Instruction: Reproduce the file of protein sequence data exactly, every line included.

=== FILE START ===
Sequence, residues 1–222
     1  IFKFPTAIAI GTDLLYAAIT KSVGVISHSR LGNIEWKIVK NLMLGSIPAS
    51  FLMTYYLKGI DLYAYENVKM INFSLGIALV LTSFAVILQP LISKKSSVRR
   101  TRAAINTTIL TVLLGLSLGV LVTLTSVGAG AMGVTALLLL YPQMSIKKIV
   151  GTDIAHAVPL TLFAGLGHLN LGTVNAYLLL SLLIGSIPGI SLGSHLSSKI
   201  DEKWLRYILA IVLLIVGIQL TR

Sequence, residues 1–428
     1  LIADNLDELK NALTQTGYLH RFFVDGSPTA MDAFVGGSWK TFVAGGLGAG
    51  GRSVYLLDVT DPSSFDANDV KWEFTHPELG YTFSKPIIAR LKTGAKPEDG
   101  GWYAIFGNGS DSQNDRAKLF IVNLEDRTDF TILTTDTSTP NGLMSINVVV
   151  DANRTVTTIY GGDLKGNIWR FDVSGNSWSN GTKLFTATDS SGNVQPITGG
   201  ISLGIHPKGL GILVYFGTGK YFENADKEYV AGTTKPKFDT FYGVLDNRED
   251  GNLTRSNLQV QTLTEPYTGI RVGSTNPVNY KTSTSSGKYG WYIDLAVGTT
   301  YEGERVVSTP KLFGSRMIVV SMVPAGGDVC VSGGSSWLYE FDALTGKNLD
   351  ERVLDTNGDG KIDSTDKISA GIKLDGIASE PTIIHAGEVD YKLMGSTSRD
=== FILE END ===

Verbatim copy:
Sequence, residues 1–222
     1  IFKFPTAIAI GTDLLYAAIT KSVGVISHSR LGNIEWKIVK NLMLGSIPAS
    51  FLMTYYLKGI DLYAYENVKM INFSLGIALV LTSFAVILQP LISKKSSVRR
   101  TRAAINTTIL TVLLGLSLGV LVTLTSVGAG AMGVTALLLL YPQMSIKKIV
   151  GTDIAHAVPL TLFAGLGHLN LGTVNAYLLL SLLIGSIPGI SLGSHLSSKI
   201  DEKWLRYILA IVLLIVGIQL TR

Sequence, residues 1–428
     1  LIADNLDELK NALTQTGYLH RFFVDGSPTA MDAFVGGSWK TFVAGGLGAG
    51  GRSVYLLDVT DPSSFDANDV KWEFTHPELG YTFSKPIIAR LKTGAKPEDG
   101  GWYAIFGNGS DSQNDRAKLF IVNLEDRTDF TILTTDTSTP NGLMSINVVV
   151  DANRTVTTIY GGDLKGNIWR FDVSGNSWSN GTKLFTATDS SGNVQPITGG
   201  ISLGIHPKGL GILVYFGTGK YFENADKEYV AGTTKPKFDT FYGVLDNRED
   251  GNLTRSNLQV QTLTEPYTGI RVGSTNPVNY KTSTSSGKYG WYIDLAVGTT
   301  YEGERVVSTP KLFGSRMIVV SMVPAGGDVC VSGGSSWLYE FDALTGKNLD
   351  ERVLDTNGDG KIDSTDKISA GIKLDGIASE PTIIHAGEVD YKLMGSTSRD